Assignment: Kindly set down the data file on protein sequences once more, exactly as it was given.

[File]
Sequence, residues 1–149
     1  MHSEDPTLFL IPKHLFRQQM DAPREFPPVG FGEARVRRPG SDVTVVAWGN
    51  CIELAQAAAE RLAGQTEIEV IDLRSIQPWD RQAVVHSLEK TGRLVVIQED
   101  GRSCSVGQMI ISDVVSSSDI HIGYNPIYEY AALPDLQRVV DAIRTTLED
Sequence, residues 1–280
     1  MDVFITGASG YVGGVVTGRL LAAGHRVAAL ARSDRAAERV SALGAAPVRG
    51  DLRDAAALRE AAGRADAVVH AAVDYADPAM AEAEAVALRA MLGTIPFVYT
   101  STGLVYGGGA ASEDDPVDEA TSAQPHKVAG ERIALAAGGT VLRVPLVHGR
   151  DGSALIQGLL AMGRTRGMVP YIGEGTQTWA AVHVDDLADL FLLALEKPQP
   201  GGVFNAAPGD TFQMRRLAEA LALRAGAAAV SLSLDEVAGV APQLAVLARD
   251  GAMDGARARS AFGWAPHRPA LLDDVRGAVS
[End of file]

Sequence, residues 1–149
     1  MHSEDPTLFL IPKHLFRQQM DAPREFPPVG FGEARVRRPG SDVTVVAWGN
    51  CIELAQAAAE RLAGQTEIEV IDLRSIQPWD RQAVVHSLEK TGRLVVIQED
   101  GRSCSVGQMI ISDVVSSSDI HIGYNPIYEY AALPDLQRVV DAIRTTLED
Sequence, residues 1–280
     1  MDVFITGASG YVGGVVTGRL LAAGHRVAAL ARSDRAAERV SALGAAPVRG
    51  DLRDAAALRE AAGRADAVVH AAVDYADPAM AEAEAVALRA MLGTIPFVYT
   101  STGLVYGGGA ASEDDPVDEA TSAQPHKVAG ERIALAAGGT VLRVPLVHGR
   151  DGSALIQGLL AMGRTRGMVP YIGEGTQTWA AVHVDDLADL FLLALEKPQP
   201  GGVFNAAPGD TFQMRRLAEA LALRAGAAAV SLSLDEVAGV APQLAVLARD
   251  GAMDGARARS AFGWAPHRPA LLDDVRGAVS